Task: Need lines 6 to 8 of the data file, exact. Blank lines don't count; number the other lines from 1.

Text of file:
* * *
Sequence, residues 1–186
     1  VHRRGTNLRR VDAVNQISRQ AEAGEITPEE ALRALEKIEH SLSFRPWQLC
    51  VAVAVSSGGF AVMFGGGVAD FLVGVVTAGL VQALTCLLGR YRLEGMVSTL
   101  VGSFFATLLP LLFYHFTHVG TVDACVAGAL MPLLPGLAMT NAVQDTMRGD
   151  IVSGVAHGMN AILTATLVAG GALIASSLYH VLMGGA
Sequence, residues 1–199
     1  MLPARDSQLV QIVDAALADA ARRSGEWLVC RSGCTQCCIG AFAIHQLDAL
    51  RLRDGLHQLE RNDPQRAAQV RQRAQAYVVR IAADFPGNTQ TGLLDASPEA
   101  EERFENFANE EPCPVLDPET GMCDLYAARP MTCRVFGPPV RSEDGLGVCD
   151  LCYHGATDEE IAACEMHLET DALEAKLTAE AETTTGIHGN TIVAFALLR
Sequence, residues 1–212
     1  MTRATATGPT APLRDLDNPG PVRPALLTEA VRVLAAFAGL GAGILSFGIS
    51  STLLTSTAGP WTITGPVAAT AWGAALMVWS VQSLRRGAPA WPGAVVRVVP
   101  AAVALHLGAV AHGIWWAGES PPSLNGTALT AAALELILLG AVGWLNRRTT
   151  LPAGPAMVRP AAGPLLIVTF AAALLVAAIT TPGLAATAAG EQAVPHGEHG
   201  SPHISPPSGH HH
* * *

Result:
Sequence, residues 1–199
     1  MLPARDSQLV QIVDAALADA ARRSGEWLVC RSGCTQCCIG AFAIHQLDAL
    51  RLRDGLHQLE RNDPQRAAQV RQRAQAYVVR IAADFPGNTQ TGLLDASPEA